Tuesday, March 15, 2005

The wide grasp of fundamentalist reading

Protesting the recent Supreme Court decision to join most of the world in banning the senseless execution of juveniles, Justice Antonin Scalia articulated a view of the constitution text that could just as easily be voiced by a biblical literalist. He stressed the importance of reading the text of the constitution and to discern its meaning as originally intended. He explains, "When I find it, the original meaning of the constitution, I am handcuffed."

Much of this debate revolves around whether or not the constitution is a "living document" or one whose original intent strictly delimits its interpretation. These type of disputes should not be unfamiliar with those of us engaged in the study of the bible. Ultimately, we might ask the fundamentalist whether we should read the constitution and the bible in the same way. Is the founding legal document of the US in some way inerrant or infallible? Of course, I don't mean that those who hold the inerrancy of scripture would attach the same significance to the constitution. Nevertheless, at times, we proffer this nation the kind of adoration, dedication, and awe due solely to God; neither should we inject a text with the reverence due only to God.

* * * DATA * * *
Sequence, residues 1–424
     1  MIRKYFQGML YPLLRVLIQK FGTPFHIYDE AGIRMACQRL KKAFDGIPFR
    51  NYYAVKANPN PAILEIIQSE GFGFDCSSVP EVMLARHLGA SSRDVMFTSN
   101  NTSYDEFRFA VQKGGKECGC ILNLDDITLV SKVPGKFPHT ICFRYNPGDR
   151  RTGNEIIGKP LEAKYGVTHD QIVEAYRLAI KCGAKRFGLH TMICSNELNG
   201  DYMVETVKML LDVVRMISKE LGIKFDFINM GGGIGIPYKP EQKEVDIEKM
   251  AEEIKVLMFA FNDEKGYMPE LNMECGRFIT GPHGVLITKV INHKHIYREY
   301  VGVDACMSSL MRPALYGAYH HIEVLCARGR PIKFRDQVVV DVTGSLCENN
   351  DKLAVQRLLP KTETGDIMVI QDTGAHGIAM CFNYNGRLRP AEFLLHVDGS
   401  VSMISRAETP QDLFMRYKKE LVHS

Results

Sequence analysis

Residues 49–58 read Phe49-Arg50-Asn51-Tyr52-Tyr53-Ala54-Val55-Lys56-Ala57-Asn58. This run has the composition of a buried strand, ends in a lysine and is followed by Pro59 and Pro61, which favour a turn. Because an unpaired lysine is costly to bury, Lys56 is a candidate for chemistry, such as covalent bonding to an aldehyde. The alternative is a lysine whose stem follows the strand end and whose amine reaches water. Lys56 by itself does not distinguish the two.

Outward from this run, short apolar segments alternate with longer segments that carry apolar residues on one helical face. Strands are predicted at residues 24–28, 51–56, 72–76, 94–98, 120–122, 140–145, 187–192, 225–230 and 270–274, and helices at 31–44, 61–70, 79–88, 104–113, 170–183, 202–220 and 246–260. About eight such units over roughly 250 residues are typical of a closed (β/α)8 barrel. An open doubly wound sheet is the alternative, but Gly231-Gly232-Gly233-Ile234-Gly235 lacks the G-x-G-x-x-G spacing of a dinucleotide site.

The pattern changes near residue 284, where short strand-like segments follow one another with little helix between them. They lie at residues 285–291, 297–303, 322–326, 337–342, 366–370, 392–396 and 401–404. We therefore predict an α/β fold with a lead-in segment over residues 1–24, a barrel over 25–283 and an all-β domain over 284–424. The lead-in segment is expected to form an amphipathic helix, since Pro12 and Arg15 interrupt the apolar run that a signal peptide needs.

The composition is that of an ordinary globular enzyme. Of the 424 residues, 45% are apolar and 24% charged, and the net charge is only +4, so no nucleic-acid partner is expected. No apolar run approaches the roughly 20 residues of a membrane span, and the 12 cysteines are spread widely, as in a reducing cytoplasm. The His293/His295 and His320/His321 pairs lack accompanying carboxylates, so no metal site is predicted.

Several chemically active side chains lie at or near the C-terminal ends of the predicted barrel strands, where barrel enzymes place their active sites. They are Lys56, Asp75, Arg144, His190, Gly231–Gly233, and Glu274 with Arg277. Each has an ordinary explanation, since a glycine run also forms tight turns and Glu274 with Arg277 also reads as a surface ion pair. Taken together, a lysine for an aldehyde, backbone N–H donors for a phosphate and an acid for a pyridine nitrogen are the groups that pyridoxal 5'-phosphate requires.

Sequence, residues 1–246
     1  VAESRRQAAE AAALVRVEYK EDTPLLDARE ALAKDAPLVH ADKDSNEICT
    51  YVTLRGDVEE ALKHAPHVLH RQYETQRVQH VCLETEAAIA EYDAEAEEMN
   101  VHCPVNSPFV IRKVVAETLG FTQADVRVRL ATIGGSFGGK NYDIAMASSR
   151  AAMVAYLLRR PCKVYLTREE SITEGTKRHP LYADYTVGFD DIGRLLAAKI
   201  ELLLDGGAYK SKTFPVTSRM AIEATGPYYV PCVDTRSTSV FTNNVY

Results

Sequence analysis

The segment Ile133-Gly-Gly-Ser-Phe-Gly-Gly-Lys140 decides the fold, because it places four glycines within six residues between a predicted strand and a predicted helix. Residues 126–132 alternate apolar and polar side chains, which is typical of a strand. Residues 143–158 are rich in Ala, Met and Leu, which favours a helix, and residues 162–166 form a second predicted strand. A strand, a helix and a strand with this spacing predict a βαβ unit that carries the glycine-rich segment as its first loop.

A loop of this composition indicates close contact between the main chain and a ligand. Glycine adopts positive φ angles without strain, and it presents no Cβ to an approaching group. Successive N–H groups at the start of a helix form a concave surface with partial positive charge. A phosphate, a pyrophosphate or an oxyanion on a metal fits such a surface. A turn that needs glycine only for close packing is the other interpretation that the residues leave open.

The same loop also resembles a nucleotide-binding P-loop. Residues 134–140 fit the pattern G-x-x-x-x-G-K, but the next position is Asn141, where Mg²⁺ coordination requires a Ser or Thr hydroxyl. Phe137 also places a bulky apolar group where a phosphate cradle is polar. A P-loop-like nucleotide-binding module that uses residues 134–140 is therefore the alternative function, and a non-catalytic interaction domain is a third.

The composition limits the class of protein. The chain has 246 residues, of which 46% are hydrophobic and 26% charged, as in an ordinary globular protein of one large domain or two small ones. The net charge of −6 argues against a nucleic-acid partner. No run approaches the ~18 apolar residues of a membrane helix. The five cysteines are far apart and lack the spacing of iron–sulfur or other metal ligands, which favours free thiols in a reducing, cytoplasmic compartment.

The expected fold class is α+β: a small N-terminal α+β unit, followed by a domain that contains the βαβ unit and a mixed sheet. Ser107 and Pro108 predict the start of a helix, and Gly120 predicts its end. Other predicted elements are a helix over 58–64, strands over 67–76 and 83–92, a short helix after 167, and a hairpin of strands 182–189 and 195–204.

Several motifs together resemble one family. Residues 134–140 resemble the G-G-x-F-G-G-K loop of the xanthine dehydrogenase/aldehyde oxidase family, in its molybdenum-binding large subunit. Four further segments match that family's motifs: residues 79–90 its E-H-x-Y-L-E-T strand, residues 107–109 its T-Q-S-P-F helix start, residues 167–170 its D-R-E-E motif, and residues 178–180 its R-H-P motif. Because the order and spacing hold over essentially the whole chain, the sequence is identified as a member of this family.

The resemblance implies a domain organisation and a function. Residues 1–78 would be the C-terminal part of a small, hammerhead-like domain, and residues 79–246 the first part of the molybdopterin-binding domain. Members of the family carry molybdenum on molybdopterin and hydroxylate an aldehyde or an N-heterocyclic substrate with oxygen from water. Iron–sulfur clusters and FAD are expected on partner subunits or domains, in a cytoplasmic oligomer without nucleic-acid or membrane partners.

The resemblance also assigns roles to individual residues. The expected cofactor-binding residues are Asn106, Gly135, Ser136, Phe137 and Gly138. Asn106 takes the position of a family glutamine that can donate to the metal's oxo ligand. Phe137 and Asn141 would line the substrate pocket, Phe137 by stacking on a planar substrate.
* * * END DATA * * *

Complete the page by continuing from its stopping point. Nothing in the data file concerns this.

Justice Scalia seems to neglect a vital insight into the practice of reading and interpretation. Though the letter of text remain relatively unchanged, we never come to a text in the same way twice. We have changed, and our society has changed. In the case of the execution of juveniles, this is thankfully true.